#204  
Old 07-19-2018, 12:09 PM
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Tow 14000# boat, 10' wide load 35 ft long or 27' RV trailer

I use my 2011 F-250, 4x4, diesel, crew cab, short bed, to tow a Formula 29PC power boat on a triple axel bumper pull trailer. Works great, can't even tell its back there with the cruise set.
 
  #205  
Old 07-20-2018, 09:07 PM
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Originally Posted by BowtieConvert View Post
Hopefully this is an appropriate question for this thread: I have on order a 24' Cargo Mate V-nose enclosed trailer. It will be 7'6" hi x 102" wide, have barn doors instead of a ramp door, 6k torsion axles, electric over hydraulic discs, and G rated tires. I've never pulled a bumper pull trailer of this size before. I plan to be pulling this thing cross country with a couple of SXS's and associated gear so I want to know if I need a WDH. I hate white knuckle towing so i want to be prepared for the worst. The rig will probably be very similar to AMX Dreamer's set up. Thanks in advance.
Check the weights - gross trailer weight and tongue weight - once you get it loaded. I believe the 2.5" receiver hitches are rated for 17,500lbs gross trailer weight, I forget what the tongue weight rating is - 1500lbs maybe?

EDIT: I see you are running an SRW, not a dually. Chances are you will need a WD hitch, yes. You could road test it without, but I would anticipate needing a WD set up.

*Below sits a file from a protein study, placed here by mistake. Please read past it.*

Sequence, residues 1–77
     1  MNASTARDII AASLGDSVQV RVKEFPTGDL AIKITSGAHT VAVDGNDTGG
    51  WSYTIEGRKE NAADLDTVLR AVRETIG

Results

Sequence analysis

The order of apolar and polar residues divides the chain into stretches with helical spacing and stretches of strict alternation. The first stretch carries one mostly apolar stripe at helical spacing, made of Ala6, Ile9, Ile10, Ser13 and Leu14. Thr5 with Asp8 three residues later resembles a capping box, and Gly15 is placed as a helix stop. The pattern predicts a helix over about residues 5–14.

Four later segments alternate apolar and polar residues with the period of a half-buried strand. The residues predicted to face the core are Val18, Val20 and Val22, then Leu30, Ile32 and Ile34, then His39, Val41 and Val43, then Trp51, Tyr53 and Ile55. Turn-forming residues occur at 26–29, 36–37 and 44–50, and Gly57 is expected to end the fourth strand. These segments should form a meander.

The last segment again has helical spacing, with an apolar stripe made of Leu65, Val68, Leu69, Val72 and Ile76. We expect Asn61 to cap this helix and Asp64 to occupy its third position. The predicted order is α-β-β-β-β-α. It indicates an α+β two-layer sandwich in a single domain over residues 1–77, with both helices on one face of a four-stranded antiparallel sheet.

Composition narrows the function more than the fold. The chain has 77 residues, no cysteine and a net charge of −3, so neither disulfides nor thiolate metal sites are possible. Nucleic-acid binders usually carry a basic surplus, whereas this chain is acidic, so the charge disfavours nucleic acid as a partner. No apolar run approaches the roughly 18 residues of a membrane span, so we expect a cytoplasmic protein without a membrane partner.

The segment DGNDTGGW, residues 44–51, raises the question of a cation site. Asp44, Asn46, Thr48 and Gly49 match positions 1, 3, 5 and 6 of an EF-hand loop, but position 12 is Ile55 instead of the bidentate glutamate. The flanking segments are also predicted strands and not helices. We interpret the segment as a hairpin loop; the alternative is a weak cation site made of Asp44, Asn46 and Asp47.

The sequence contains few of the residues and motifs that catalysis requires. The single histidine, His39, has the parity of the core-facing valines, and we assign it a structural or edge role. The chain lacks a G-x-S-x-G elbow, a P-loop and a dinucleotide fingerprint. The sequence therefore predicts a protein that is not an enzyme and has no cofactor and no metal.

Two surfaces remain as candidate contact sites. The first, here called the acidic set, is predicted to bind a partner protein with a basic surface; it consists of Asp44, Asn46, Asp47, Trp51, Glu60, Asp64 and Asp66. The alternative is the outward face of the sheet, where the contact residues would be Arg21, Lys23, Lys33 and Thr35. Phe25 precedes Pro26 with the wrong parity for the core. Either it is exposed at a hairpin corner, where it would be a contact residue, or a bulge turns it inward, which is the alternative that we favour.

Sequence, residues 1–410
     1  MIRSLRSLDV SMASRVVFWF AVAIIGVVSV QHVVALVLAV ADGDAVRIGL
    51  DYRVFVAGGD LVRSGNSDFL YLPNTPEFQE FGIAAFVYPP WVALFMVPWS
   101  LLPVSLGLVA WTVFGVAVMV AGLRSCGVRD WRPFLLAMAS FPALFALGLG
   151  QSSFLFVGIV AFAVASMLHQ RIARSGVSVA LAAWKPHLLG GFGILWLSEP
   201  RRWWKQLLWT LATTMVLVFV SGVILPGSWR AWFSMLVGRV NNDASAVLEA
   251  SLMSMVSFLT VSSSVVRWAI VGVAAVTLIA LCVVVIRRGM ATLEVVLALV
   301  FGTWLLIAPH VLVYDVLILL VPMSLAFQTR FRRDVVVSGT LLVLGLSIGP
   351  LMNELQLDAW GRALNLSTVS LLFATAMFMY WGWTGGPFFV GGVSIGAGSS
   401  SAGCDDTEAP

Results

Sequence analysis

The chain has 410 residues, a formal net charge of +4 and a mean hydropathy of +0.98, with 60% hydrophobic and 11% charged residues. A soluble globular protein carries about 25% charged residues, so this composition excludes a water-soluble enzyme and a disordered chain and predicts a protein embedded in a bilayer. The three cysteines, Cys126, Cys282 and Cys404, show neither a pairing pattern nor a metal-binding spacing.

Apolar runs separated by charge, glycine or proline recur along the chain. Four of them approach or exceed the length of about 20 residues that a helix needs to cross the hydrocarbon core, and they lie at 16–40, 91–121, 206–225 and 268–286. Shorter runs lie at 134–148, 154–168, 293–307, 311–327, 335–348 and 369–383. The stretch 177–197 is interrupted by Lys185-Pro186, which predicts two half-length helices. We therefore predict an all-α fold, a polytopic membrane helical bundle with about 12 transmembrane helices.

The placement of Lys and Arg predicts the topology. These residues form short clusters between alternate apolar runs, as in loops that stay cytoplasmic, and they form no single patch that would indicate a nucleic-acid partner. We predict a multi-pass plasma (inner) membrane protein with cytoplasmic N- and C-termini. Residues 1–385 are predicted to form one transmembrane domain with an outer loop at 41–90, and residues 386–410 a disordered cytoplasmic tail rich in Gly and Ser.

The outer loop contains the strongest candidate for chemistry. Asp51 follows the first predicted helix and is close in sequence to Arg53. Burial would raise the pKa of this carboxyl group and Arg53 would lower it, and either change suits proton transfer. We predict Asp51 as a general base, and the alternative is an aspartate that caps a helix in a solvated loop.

In any event, the dually will be a lot more stable than a SRW with any heavy load. The one thing about a bumper pull is the tongue weight is rear of the axle so the heavier the tongue the less loading on the front axle = you can run in to stability issues with a heavy rear axle load and light front axle load. Again, a dually will be much more stable in this regard than an SRW because of the stiffer rear end and wider track width.

A weight distributing hitch would certainly be recommended. Is it required? You will have to check how your trailer is loaded, weight distribution (% trailer weight on the tongue), and see how it handles. I would suspect that a properly distributed trailer weight would not need a weight distributing hitch with your set up, but without putting it all together and road testing it the answer is really up in the air.

Watch your hitch ratings. There are tons of 2" hitches out there where you use the adapter sleeve to get to the 2.5". If it were me I would get a 2.5" drawbar. There are fewer of these out there. My 2" drawbar adjustable tri-ball hitch, for example, has a 10,000lb rating for the 2-5/16" ball. For the higher weight capacities a stout adjustable height 2.5" drawbar would be ideal. It looks like B&W makes a 2.5" adjustable tri-ball hitch with a 14,500lb rating. The 2.5" drawbars for the WD hitches normally have significantly higher capacities. The solid forged 2.5" drawbars will also have higher capacities.